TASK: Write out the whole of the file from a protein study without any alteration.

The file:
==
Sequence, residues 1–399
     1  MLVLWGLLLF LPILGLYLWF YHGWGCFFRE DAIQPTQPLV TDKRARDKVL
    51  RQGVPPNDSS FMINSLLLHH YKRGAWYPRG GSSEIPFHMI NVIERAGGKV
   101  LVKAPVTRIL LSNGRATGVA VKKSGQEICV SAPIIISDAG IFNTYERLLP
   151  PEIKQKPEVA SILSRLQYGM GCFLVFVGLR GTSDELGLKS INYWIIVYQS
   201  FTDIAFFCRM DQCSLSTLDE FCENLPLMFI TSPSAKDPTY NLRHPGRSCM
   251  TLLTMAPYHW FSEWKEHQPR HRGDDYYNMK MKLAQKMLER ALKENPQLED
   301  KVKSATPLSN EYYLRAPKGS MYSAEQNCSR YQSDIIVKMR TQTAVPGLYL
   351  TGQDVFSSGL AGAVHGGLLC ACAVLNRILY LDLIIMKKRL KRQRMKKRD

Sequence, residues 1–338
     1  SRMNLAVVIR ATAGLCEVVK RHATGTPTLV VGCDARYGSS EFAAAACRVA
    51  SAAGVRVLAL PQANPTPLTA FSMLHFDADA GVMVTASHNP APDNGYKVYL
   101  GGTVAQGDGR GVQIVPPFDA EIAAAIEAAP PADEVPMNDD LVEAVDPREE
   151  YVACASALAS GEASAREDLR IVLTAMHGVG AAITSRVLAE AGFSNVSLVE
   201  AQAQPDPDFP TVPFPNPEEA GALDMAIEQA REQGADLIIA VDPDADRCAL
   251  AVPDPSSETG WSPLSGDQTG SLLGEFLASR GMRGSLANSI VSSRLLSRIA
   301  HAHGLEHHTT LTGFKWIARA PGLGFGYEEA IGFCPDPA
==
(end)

Sequence, residues 1–399
     1  MLVLWGLLLF LPILGLYLWF YHGWGCFFRE DAIQPTQPLV TDKRARDKVL
    51  RQGVPPNDSS FMINSLLLHH YKRGAWYPRG GSSEIPFHMI NVIERAGGKV
   101  LVKAPVTRIL LSNGRATGVA VKKSGQEICV SAPIIISDAG IFNTYERLLP
   151  PEIKQKPEVA SILSRLQYGM GCFLVFVGLR GTSDELGLKS INYWIIVYQS
   201  FTDIAFFCRM DQCSLSTLDE FCENLPLMFI TSPSAKDPTY NLRHPGRSCM
   251  TLLTMAPYHW FSEWKEHQPR HRGDDYYNMK MKLAQKMLER ALKENPQLED
   301  KVKSATPLSN EYYLRAPKGS MYSAEQNCSR YQSDIIVKMR TQTAVPGLYL
   351  TGQDVFSSGL AGAVHGGLLC ACAVLNRILY LDLIIMKKRL KRQRMKKRD

Sequence, residues 1–338
     1  SRMNLAVVIR ATAGLCEVVK RHATGTPTLV VGCDARYGSS EFAAAACRVA
    51  SAAGVRVLAL PQANPTPLTA FSMLHFDADA GVMVTASHNP APDNGYKVYL
   101  GGTVAQGDGR GVQIVPPFDA EIAAAIEAAP PADEVPMNDD LVEAVDPREE
   151  YVACASALAS GEASAREDLR IVLTAMHGVG AAITSRVLAE AGFSNVSLVE
   201  AQAQPDPDFP TVPFPNPEEA GALDMAIEQA REQGADLIIA VDPDADRCAL
   251  AVPDPSSETG WSPLSGDQTG SLLGEFLASR GMRGSLANSI VSSRLLSRIA
   301  HAHGLEHHTT LTGFKWIARA PGLGFGYEEA IGFCPDPA